TOP-50 interesting facts about France and French
France is a typical Western European country, which has a lot in common with its neighbours. But it is also a unique country, with its own customs, history and culture. In this article, we have gathered 50 fascinating facts about this country and its people, which will help to form a first impression and interesting to plan your holiday in France.
50 most interesting facts about French and France
Here’s a journey through the history, traditions and sights of this fascinating country.
1. Before Christ the era, the country was called Gaul, after a tribe that lived there. Julius Caesar conquered Gaul and made it a Roman province.
2. In 486, Gaul was conquered by Clovis, king of the Franks, a Germanic tribe originally from the lower Rhine. Clodwig founded Francia, or the land of the free men.
3 – There are five dynasties on the French throne, from the 5th century to the 19th, namely the Merovingians, the Carolingians, the Capetians, the Valois and the Bourbons. Napoleon Bonaparte also declared himself emperor.
4. France was frequently at war, and the longest war in human history took place here. The so-called Hundred Years’ War between France and England lasted from 1337 to 1453.
5. French kings have always been linked by kinship ties with Russia. Back in the eleventh century the daughter of Yaroslav the Wise, Anne became the wife of King Henry I Capeting. After Henry’s death, Anne ruled France for several years as regent to her son Philip.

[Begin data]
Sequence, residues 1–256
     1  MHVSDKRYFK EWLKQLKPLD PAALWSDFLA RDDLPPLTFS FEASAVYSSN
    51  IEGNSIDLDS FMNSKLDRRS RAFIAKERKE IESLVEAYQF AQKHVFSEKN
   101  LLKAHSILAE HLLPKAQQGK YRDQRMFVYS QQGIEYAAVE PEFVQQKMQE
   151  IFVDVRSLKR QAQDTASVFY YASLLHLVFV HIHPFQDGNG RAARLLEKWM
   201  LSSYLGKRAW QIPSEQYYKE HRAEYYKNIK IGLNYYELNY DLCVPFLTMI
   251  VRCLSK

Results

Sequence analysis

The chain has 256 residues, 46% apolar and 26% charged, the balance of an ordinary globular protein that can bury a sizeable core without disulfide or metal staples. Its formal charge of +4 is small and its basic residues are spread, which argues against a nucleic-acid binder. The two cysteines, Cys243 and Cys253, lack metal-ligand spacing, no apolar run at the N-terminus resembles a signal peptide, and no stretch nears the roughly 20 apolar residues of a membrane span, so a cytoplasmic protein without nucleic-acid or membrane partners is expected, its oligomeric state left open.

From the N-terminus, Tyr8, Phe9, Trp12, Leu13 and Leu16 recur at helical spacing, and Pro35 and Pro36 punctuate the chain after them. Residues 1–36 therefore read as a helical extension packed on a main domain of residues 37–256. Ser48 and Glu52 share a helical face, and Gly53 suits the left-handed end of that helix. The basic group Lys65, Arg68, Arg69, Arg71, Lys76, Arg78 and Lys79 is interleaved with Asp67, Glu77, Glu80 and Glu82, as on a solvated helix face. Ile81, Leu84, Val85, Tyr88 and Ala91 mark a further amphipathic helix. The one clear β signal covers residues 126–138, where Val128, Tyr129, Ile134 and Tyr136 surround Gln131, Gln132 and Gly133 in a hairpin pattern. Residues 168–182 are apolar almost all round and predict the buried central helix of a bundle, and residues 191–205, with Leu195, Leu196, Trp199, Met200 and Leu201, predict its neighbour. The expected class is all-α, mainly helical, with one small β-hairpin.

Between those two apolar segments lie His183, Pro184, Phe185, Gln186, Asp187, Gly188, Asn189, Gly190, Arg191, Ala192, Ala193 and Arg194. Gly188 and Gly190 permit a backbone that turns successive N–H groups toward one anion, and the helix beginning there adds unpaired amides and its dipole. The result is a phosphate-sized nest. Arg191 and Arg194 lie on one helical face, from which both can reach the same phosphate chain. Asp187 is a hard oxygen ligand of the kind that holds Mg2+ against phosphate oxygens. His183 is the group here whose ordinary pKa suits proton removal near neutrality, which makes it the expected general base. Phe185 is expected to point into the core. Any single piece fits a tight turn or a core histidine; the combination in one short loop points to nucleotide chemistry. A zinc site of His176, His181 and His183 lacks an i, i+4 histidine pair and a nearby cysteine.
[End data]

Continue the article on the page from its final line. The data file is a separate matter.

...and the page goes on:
6. France is the largest country in the European Union in terms of area, but is slightly behind Germany in terms of population. It is home to 68 million people, and about the same number of tourists visit France every year.
7. Western Europe’s tallest mountain, Mont Blanc, lies on the border between France and Italy. Its height is 4,807 metres. According to an agreement between the countries, the higher peak of Mont Blanc belongs to France and the lower one to Italy.
8. One of the most important events in French history, Bastille Day, marks the beginning of the Great French Revolution in 1789. The date is now celebrated as a bank holiday.
9. Many state symbols have remained from the time of the French Revolution. The national anthem is the Marseillaise and the motto «Liberty, Equality, Fraternity».
10. Modern France is called the Fifth Republic, because before that there had been four periods in the history of France when power belonged to the elected authorities. The republics gave way to periods of reaction, but all the same democracy triumphed.
11. The capital of France, Paris was founded by the Celtic tribe of the Parisees and at first was called Lutetia, that is, the muddy place. After the Roman conquest, it became known as Parisia.
12. The Eiffel Tower is considered the symbol of Paris, but it has been gracing the capital since relatively recently. The Eiffel Tower was built in 1889 and at the time was the tallest structure in the world. In the early years, the tower caused a flurry of criticism and many prominent French people demanded that the monstrous structure be demolished.